Children's crafts for the natural home, by Palumba -- making pom poms with wool roving.

Pompoms are fun to make, and children find them irresistible to touch.  The easiest way to introduce these colorful balls of fluff into your craft-making repertoire is with a pompom maker.  These simple devices, which come in many sizes, will help you and your children create delightful garlands for any occasion. Here, we offer a new twist — making pompoms with wool roving instead of yarn, to give them an extra soft touch.

To create this sweet Valentine Wall Hanging, we used 100 percent wool felt (available by the half yard or in charm packs) and the 1 3/8″ pompom maker. Check out the step-by-step illustrated instructions in the full post to make your own. Pompoms can also be used to accent children’s clothing — just fasten to a zipper to pep up a child’s jacket. — and they make great soft ammunition for catapults!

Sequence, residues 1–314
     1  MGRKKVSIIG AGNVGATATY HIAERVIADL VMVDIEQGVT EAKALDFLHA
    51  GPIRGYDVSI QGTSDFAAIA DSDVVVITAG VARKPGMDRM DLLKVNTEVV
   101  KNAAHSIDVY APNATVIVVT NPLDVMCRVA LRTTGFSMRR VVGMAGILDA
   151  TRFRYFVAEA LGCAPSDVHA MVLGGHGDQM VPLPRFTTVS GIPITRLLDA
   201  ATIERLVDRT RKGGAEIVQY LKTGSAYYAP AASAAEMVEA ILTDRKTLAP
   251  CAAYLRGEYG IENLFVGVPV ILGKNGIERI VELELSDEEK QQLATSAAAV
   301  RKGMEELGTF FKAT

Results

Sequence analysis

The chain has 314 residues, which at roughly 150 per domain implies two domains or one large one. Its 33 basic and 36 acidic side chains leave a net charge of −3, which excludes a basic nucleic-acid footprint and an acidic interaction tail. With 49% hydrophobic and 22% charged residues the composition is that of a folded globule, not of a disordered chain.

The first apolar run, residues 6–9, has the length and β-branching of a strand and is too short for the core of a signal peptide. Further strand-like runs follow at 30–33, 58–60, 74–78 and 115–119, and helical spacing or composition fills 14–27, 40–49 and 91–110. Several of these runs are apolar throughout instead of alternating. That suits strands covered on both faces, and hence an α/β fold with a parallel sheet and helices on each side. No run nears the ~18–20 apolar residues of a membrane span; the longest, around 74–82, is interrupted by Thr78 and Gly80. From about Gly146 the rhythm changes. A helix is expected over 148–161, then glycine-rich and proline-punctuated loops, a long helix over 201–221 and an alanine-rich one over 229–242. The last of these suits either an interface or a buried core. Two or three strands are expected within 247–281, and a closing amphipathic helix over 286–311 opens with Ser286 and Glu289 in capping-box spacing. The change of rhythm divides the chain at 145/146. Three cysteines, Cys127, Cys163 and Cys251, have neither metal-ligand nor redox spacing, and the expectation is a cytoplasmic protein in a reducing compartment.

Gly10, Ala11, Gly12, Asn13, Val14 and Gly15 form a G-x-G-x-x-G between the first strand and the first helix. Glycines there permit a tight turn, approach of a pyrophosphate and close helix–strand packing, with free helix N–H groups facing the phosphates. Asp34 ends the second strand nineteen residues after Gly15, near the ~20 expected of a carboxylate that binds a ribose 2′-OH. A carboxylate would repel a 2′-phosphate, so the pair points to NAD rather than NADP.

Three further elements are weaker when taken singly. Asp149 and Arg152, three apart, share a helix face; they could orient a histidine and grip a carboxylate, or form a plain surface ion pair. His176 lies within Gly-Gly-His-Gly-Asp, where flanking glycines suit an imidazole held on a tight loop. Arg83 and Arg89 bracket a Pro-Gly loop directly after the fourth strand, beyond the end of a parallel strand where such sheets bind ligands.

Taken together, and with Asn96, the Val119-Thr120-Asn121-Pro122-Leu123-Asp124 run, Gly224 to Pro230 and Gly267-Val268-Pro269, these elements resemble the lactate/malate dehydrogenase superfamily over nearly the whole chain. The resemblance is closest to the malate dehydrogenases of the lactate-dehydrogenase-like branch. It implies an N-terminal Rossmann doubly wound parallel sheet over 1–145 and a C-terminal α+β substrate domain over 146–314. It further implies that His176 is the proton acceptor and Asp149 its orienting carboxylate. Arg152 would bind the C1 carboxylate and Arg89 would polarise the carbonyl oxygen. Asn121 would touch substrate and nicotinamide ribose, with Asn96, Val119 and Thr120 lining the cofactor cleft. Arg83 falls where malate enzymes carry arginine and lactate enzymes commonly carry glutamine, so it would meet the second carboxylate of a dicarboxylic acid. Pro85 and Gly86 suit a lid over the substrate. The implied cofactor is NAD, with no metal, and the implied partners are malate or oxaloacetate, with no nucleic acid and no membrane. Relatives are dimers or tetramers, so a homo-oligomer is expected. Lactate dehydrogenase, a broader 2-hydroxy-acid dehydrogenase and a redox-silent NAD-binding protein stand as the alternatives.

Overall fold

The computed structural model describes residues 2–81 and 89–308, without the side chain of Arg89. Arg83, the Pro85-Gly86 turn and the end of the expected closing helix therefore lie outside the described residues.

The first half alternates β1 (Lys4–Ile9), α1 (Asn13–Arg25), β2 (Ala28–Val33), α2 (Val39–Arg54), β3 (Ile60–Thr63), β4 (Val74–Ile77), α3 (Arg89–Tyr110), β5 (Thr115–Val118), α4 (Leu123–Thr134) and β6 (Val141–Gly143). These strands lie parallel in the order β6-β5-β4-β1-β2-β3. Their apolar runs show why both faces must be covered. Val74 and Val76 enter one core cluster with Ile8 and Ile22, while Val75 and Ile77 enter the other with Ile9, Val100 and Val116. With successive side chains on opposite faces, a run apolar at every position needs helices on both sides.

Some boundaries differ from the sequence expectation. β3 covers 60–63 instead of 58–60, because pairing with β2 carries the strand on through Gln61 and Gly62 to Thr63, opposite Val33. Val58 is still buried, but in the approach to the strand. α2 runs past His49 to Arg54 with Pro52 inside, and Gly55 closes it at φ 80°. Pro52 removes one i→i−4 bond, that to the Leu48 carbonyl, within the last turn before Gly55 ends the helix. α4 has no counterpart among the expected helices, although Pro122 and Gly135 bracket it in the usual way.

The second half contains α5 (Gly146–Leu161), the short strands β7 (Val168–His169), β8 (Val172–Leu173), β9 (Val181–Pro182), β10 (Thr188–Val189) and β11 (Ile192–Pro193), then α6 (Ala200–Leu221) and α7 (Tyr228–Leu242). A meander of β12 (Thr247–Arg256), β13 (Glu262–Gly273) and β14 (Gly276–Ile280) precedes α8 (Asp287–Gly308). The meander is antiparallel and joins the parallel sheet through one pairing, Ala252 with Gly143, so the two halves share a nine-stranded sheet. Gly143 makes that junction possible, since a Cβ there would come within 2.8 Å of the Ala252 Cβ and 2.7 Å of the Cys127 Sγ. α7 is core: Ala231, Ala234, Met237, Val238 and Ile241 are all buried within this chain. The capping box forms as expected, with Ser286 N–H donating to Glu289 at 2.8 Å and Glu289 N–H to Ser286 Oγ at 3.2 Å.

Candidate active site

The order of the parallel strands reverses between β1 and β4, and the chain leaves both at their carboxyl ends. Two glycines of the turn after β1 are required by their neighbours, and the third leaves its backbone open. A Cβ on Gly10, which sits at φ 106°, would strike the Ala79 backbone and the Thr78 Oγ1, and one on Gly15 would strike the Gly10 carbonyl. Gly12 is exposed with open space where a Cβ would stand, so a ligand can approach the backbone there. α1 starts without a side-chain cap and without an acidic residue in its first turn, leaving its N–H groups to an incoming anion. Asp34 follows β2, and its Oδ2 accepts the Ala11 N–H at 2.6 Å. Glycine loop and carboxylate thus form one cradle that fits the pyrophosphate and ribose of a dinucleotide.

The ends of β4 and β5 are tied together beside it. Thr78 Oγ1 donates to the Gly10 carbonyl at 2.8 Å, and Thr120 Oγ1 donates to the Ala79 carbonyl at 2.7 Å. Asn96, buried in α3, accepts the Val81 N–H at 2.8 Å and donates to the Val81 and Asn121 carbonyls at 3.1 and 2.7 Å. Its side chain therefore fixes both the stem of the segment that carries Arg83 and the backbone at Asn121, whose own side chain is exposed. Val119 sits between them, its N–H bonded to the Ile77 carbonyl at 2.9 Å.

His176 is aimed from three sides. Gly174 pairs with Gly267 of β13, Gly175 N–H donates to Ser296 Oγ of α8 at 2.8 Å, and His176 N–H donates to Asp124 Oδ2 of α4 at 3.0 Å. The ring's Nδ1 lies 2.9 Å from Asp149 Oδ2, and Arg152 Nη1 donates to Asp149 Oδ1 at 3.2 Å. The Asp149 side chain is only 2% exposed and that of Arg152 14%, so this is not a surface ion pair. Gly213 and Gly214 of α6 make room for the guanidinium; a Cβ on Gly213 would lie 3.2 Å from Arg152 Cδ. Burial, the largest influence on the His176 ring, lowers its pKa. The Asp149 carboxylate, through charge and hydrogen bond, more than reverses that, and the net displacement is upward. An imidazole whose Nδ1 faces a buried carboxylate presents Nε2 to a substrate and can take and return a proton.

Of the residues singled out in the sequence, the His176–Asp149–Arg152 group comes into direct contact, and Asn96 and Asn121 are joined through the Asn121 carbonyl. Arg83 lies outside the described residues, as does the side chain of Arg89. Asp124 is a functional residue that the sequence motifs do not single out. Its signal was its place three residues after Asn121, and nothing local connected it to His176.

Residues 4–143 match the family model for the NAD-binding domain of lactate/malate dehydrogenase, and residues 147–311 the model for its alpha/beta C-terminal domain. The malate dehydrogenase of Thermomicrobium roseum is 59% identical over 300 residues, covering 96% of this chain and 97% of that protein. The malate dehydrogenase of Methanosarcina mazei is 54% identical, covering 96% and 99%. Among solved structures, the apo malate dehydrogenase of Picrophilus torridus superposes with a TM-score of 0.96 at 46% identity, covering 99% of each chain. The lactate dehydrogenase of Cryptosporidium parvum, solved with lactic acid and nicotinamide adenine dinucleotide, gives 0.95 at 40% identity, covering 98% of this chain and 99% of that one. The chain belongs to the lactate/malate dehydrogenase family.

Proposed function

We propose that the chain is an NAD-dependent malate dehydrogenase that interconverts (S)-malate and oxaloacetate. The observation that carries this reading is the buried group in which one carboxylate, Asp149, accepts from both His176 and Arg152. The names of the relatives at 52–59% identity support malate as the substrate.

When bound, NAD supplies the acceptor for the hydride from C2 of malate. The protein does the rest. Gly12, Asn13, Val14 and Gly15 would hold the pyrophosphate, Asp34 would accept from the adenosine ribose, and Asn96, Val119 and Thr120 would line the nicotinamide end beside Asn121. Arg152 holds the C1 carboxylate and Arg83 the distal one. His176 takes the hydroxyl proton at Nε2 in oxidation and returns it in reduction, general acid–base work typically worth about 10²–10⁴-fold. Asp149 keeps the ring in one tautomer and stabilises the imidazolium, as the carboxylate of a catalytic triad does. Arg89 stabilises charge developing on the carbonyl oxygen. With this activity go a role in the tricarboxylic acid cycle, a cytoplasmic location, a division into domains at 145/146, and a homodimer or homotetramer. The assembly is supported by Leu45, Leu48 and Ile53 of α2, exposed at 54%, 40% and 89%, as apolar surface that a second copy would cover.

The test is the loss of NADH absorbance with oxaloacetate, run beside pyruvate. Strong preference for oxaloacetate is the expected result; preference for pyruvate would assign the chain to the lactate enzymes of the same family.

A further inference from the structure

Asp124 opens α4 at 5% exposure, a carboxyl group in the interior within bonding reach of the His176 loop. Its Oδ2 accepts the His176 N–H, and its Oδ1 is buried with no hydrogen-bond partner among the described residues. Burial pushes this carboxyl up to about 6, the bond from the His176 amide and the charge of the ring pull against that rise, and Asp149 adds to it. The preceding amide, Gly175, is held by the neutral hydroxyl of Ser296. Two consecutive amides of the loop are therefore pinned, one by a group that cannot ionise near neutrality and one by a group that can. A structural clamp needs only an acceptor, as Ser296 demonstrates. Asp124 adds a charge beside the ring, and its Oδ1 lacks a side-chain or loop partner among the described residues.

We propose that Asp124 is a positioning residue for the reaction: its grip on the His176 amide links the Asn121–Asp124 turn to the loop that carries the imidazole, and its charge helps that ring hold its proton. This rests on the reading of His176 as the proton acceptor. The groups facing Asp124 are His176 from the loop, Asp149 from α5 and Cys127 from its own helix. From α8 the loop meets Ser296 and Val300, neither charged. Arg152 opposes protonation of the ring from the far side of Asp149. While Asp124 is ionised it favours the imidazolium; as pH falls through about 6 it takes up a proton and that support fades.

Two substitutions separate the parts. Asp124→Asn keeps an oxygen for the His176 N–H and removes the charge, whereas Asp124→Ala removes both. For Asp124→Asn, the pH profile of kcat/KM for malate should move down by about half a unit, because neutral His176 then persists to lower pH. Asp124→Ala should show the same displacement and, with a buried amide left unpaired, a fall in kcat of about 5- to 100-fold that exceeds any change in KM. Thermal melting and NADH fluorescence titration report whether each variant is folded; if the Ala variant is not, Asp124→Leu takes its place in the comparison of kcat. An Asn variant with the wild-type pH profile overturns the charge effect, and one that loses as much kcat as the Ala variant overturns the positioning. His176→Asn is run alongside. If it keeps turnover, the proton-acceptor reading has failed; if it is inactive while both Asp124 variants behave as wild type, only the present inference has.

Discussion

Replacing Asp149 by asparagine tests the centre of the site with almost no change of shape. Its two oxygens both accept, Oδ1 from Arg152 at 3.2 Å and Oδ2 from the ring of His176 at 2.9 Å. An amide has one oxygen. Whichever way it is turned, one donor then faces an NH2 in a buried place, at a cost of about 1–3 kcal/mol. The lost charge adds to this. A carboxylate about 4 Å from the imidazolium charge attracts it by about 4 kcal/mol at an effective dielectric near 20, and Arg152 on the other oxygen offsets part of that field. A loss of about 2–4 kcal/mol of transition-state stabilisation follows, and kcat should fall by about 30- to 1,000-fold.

Children's crafts from Palumba -- making pom poms with wool roving.

Step 1: Stretch the colorful wool roving into long strands to prepare for wrapping it on the pompom maker.


Step 2: Divide strand halfway down the middle to ensure the correct thickness.


Step 3: Swing open the pink “legs” of the pompom maker, and wrap each one tightly with a strand of wool roving. Snap into place.


This is how your project will look once you have wrapped both sides.


Step 4: Use pointed scissors to cut through the roving. Be sure to cut all the way around; use the center guide to keep your scissors evenly in place.


Your project will look like this after you have cut the roving down the center.


Step 5: Knot a piece of yarn down the middle of the pompom maker as shown.


Step 6: Unsnap the piece and snip the ends of the knotted yarn so that it no longer shows.


Fluff out the cut edges of wool roving until they form a nice ball, trimming off any unshapely excess.

Children's crafts for the natural home, by Palumba -- making pom poms with wool roving.

Thread pompom through the center using a needle and yarn to attach to garlands, wall hangings, or children’s clothing.

Children ages six and older really enjoy this simple craft.  Have you made pompoms with your children?  If so, please send us photos of your creations to share with our readers!